Slim Jims and Doritos don't usually fill my thoughts when I bite into a fresh mozzarella and prosciutto sandwich. But as I sat at Sarah's Cafe savoring the roasted red peppers layered on my nicely chewy baguette sandwich, these were the things that danced in my head. You see, of all places, Sarah's Cafe -- an oasis of fresh, very cheap, quasi-gourmet meals -- is in the back of a convenience store, Sarah's Market. Depending on which way you face when you sit at the cherry-tone wood tables, the decor is either casual deli-chic or early 21st-century snack food -- most tables have a grand view of the Hostess cakes display.
But for a quick, quality, home-style meal (as in your home, not your Grandma's), the corner store thing actually works. Customers grab drinks from the store's fridges, anything from soda to high-end juices. Then they place and pick up their orders at the walk-up counter.
Back when this place was Sage's, all you could get were basic deli sandwiches. But in 2002 a new owner changed the name to Sarah's, updated the sandwiches, and added homemade soups, pasta dishes, and grilled entrees. Last year, Raj Patel bought Sarah's, kept the cook (Hakim Lamhaf), and added some fare of his own.
Patel says his goal is "good food at a reasonable price," and we believe him. The chef's specialty entrees are a steal. They range from $7.25 to $8.50, and if you order two, they knock a dollar off the price of each dish.
Chicken and vegetables ($7.99) was a huge plate of vegetables skillfully sauteed to the peak of their color with strips of grilled chicken in an Italian-herb marinade -- nothing fancy, just super fresh and well prepared with a generous, beautiful mesclun salad on the side. Jamaican chicken ($7.99) recasts this same dish with tasty jerk seasoning and a dome of golden rice subbing for the salad.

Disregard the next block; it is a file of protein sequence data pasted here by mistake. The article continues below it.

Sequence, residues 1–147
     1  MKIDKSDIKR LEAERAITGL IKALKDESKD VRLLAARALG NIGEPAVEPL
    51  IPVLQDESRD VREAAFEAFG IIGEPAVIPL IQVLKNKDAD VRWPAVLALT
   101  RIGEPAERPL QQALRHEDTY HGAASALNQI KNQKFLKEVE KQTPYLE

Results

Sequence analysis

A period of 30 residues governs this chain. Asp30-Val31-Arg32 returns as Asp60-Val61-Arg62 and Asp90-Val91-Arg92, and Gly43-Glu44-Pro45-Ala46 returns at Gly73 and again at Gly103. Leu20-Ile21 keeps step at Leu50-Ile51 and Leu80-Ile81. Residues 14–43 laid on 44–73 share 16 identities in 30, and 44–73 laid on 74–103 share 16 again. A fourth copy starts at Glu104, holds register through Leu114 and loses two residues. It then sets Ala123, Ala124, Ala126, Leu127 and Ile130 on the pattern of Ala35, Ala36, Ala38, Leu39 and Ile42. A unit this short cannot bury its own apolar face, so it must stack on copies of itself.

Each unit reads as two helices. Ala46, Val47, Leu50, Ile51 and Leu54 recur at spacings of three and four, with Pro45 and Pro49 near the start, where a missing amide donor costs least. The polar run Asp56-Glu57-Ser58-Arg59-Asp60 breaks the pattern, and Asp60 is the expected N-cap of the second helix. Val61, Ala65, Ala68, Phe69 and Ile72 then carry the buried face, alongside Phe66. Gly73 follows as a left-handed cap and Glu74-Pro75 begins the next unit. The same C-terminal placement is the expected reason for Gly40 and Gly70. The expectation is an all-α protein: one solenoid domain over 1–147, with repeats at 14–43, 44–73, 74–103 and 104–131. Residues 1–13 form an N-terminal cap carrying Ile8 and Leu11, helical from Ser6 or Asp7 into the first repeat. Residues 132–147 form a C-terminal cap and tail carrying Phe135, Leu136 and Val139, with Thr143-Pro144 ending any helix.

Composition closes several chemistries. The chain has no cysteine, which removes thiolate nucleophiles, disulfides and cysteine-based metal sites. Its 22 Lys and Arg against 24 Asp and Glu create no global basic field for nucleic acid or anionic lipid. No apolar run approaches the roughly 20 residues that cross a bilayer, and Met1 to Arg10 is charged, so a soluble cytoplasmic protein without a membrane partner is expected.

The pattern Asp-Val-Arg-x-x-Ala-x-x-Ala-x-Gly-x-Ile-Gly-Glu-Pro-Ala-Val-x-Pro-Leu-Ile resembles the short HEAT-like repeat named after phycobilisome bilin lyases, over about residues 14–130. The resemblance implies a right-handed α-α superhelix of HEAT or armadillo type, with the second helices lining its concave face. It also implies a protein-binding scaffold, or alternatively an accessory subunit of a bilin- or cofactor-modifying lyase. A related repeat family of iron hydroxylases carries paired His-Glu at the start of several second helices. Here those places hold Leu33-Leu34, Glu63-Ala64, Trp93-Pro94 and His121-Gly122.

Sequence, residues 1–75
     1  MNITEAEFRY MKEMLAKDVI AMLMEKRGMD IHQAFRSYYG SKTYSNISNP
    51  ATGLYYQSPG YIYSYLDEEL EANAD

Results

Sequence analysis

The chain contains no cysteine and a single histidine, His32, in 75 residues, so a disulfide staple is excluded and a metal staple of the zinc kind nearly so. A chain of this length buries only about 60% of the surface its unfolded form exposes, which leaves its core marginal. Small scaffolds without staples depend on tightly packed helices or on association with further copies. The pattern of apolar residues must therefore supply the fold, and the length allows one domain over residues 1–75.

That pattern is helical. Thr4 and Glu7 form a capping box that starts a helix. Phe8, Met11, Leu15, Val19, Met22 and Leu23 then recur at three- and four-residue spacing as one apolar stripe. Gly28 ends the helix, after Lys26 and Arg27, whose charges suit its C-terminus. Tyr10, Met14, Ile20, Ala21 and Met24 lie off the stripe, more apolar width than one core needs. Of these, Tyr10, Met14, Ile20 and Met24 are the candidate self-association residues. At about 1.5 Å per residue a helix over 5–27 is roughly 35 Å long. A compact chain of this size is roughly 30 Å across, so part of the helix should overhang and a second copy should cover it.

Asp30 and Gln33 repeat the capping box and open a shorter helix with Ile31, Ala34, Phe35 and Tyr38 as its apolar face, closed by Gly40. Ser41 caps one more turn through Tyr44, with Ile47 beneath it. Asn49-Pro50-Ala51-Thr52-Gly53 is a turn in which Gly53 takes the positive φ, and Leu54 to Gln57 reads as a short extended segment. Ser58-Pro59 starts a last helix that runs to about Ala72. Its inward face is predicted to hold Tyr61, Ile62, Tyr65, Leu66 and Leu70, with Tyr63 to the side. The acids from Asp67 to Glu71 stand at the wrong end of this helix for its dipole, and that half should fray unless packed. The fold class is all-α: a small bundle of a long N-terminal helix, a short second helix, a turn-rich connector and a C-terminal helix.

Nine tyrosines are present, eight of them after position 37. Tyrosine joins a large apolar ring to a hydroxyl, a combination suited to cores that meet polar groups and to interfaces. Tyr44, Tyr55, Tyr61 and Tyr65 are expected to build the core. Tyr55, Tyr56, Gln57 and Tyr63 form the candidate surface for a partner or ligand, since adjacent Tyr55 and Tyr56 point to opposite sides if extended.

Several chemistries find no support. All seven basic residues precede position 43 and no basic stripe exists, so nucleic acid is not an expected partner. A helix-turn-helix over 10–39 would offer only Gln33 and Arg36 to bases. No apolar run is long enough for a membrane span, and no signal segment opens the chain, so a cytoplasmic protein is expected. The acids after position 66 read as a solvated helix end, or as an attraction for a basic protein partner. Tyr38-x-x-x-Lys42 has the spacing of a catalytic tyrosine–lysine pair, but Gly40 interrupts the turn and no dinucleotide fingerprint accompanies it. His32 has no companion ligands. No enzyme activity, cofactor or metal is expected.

Besides no-frills pasta dishes, like the subtle, satisfying penne Romanoff in a basil-vodka cream sauce ($7.25) and the very popular linguini carbonara ($7.99) rich with bacon, parmesan, and cream, the specialties include two meat-and-potatoes dishes.
Peppercorn steak was served with upscale flair on a platter with salad and big steak fries ($8.50). It was chewy, but at $7.50 with the discount and slathered with an excellent light cream sauce jumping with perky green peppercorns, we didn't mind. Grilled salmon with salad and fries ($8.50) was also overcooked, but nicely sauced with a light lemon-butter cream. Daily sandwich and soup specials are a good bet, but they can run out. I was glad to get the last mozzarella-prosciutto baguette ($6.99) special one evening. It was as good as this classic gets. A creamy potato soup ($2.99/$3.99) special was delicate, warming and not too thick.
Patel, who is originally from Gujarat state in India, likes to offer Indian specials like chicken curry or, our favorite, the samosa wrap ($6.99). You won't find this blasphemy on the streets of India, but this tortilla wrap filled with cool lettuce and packed around a steamy cumin-spiced potato pastry is soul-soothingly good.
And the menu just goes on. Of the many sandwiches, an Italianized croque monsieur ($6.50) stood out. Broad, French-style bread seasoned with olive oil and oregano brought out the flavor in layers of thin-sliced ham and melted mozzarella. The Indian feast ($6.50), however, sounded exotic but was no more than a basic turkey-and-cheese wrap with caramelized onions.
Sarah's lentil soup ($2.50/$3.50), named for the previous owner's daughter, is so good Patel kept the recipe. It's a light, golden brew of yellow lentils and chickpeas with just enough cilantro and celery to wake it up. Fans of fresh mozzarella will enjoy the buffalo salad ($5.99), which tops impeccable field greens with an uncut, juicy mozzarella ball and balsamic dressing (order bread on the side to make a meal of it).
Breakfast fared well, too. Pancakes ($4.99) were light and fluffy, and the morning-standard egg sandwich ($3.50) was just right with thick-sliced bacon on a toasty English muffin.
For dessert, you're free to roam the store and bring what you like back to your table (Twinkies, ice cream sandwiches, toothpaste, it's all up to you). Or you can pair espresso drinks and teas with a changing array of cakes, pastries, or ice cream from the deli counter. Without impressing, they all do the trick, especially with a cup of Sarah's steamed masala chai ($2.75) on the side.